Last month, Steve Jobs announced that Apple will no longer be using Flash on its devices like the iPad, iPod touch or iPhone. He then went on to give 6 reasons to back the statement.
- Although Adobe says that Apple devices cannot access the “full web” due to so much of the web’s video content being in Flash, Jobs points out that many sites now offer the same content in H.264 codec, so iPad users are missing very little.
- According to studies done by Symantec, Flash had the worst security records in 2009; Flash is also the number one reason for Macs to crash.
- Flash drains battery life, in some cases by more than 50% when compared to using H.264 codec videos.
- Flash is designed for a PC and a mouse, not for touch screens, so rollovers and other interactive components can be an issue.
- Apple does not want developers to use a “third party cross platform development tool,” preferring to provide the most advanced and innovative platform to their developers so that they can design applications that are unique to their needs and take full advantage of feature on Apple devices.
Of course, Adobe could not stand idly by and say nothing. Consequently, the founders of Adobe, Chuck Geshke and John Warnock, have responded to Jobs, stating:
- Saying that they believe in open markets and have"openness to innovation". Adobe has launched a new campaign titled "We (heart) Choice" where they state, "We support technologies like HTML4, HTML5, CSS, and H.264."
- Flash was originally designed to be used with tablets that have touch interfaces. For content designed with a PC and mouse in mind, Flash 10.1 (this is scheduled to be released in June 2010) will work.
- Concerning battery life- Flash 10.1 will improve battery life, codec execution, memory use, and hardware-accelerated video playback and the Flash Player will be ideal for laptops, tablets, desktops and netbooks.
- Regarding security problems, Adobe has taken steps to improve Flash vulnerability and are correcting concerns within Flash as quickly as possible.
- Adobe states that Flash Player is part of both open and proprietary technologies and that anyone can design their own SWF or FLV/F4V player.
For those on the sidelines of the Apple-Adobe debate, there are many opinions. Some, such as James R. Borck of InfoWorld Test Center, feels that Adobe is making progress in hardware acceleration and that Flash is a solid and well-designed content delivery platform that has continually changed to keep up with a rapidly growing web ecosystem.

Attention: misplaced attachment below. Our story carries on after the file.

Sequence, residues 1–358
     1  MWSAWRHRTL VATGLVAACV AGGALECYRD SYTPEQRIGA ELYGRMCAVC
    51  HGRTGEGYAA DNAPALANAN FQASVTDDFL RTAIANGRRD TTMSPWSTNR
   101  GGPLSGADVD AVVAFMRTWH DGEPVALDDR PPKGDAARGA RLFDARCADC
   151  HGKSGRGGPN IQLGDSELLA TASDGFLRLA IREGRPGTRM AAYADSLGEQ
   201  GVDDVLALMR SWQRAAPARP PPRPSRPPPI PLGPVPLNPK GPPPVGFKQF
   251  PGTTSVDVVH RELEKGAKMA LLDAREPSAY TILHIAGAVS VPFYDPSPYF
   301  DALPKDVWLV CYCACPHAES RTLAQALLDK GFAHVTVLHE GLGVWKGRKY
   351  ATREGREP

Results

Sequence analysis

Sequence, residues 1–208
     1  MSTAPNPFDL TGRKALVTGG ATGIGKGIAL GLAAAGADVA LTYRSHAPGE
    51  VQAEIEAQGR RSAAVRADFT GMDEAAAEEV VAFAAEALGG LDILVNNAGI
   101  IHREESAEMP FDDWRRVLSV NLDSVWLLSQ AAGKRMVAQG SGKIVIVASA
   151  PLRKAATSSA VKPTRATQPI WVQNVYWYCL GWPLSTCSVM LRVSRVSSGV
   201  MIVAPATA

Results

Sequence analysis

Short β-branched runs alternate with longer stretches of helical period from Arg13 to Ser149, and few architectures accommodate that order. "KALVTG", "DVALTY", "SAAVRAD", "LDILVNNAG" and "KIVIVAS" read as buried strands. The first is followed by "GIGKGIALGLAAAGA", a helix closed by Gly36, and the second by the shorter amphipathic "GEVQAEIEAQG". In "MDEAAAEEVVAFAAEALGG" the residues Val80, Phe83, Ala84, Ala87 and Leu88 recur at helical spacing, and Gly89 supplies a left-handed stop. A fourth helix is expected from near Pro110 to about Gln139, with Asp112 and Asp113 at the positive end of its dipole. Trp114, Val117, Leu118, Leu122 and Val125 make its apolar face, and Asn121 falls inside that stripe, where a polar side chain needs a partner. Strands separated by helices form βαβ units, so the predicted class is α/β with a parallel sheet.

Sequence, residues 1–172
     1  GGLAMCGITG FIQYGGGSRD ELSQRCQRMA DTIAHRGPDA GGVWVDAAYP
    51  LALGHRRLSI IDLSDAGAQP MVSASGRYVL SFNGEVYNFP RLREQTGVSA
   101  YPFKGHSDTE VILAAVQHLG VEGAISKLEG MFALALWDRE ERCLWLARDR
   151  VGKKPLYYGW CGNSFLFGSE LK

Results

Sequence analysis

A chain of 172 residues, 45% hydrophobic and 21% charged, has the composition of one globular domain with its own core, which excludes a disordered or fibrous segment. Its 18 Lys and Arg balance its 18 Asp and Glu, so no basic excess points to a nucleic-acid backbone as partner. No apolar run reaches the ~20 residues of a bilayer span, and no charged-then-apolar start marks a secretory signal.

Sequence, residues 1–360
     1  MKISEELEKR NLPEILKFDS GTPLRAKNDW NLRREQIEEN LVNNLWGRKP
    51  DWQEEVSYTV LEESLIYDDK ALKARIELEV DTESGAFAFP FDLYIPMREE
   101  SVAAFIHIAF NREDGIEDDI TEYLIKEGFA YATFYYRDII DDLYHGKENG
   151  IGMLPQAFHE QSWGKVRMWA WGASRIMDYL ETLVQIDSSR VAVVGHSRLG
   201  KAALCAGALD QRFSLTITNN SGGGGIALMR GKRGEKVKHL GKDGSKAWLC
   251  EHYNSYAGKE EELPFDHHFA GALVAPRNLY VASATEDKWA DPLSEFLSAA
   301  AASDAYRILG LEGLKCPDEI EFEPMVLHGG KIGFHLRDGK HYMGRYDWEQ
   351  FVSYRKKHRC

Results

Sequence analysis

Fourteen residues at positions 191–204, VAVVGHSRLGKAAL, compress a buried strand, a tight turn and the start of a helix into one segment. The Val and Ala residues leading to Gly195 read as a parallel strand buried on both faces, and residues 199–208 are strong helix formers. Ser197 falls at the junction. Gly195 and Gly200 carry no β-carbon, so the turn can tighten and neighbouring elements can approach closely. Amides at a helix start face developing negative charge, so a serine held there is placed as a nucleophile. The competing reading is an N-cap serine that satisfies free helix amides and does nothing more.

Others like Michael Gartenberg of the Altimeter Group, feel that Adobe should focus on what users are missing out on if they don’t have Flash rather than spending time talking about "open" or "closed" technology. Gartenberg has also commented that in order for Adobe to be successful, they ought to convince Apple customers to pressure Apple to makes changes; however since Apple sales are skyrocketing, this doesn’t seem to be likely.
When it comes to security issues, Ed Bott of PC Computing Magazine recently checked the facts concerning Adobe’s response and found while Adobe stated "that they had the second fewest number of vulnerabilities" this does not accurately tell the story. Bott, followed through on this statement and checked the Symantec’s Internet Security Threat Report page and found 23 vulnerabilities in the Flash Player and Adobe Reader.
Apple’s stance on Flash seems to have made an impact on web development as well. Several web developers, have had clients specifically ask for sites that are compatible with Apple mobile devices. Daniel Trimpey, CEO of Page Progressive, a web development company in Raleigh, NC says:
Big names and technical arguments aside, many consumers and web developers have one opinion in common: The belief that by Apple choosing to keep 3rd party programs from developing cross-platform apps, that Apple is wanting to "corner the market" so they have no risk of profit loss from apps that are not confined to the Apple iTunes Store.
Only the future will tell if Flash technology will remain prevalent in website development, but with support from Nokia and also Google, who develops the popular Android mobile operating system, chances are Flash will be sticking around at least for now.